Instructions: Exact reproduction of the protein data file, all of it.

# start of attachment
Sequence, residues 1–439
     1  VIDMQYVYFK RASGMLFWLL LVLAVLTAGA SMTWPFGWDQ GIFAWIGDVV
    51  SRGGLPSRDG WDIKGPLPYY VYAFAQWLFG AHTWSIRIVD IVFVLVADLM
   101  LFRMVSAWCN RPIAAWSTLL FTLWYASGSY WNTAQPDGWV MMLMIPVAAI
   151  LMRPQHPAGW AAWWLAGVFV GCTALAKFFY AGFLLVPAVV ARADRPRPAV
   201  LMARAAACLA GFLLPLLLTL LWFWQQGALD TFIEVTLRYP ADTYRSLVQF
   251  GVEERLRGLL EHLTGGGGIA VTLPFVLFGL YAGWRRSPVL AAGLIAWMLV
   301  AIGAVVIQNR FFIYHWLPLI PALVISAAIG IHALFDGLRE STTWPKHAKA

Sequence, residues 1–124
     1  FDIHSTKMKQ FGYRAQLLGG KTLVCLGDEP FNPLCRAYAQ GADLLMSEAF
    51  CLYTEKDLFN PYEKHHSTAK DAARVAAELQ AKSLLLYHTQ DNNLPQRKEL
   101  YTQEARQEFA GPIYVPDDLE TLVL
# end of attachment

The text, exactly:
Sequence, residues 1–439
     1  VIDMQYVYFK RASGMLFWLL LVLAVLTAGA SMTWPFGWDQ GIFAWIGDVV
    51  SRGGLPSRDG WDIKGPLPYY VYAFAQWLFG AHTWSIRIVD IVFVLVADLM
   101  LFRMVSAWCN RPIAAWSTLL FTLWYASGSY WNTAQPDGWV MMLMIPVAAI
   151  LMRPQHPAGW AAWWLAGVFV GCTALAKFFY AGFLLVPAVV ARADRPRPAV
   201  LMARAAACLA GFLLPLLLTL LWFWQQGALD TFIEVTLRYP ADTYRSLVQF
   251  GVEERLRGLL EHLTGGGGIA VTLPFVLFGL YAGWRRSPVL AAGLIAWMLV
   301  AIGAVVIQNR FFIYHWLPLI PALVISAAIG IHALFDGLRE STTWPKHAKA

Sequence, residues 1–124
     1  FDIHSTKMKQ FGYRAQLLGG KTLVCLGDEP FNPLCRAYAQ GADLLMSEAF
    51  CLYTEKDLFN PYEKHHSTAK DAARVAAELQ AKSLLLYHTQ DNNLPQRKEL
   101  YTQEARQEFA GPIYVPDDLE TLVL